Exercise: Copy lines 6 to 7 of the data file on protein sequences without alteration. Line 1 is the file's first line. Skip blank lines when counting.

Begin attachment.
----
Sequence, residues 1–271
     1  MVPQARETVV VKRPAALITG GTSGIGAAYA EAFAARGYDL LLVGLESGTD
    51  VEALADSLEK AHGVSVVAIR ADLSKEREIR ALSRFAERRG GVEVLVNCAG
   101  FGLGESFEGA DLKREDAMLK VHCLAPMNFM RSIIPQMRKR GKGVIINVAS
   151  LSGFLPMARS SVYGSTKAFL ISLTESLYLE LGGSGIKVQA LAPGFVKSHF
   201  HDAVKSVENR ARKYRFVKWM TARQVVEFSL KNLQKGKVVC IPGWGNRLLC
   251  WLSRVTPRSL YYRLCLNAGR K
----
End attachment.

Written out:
   201  HDAVKSVENR ARKYRFVKWM TARQVVEFSL KNLQKGKVVC IPGWGNRLLC
   251  WLSRVTPRSL YYRLCLNAGR K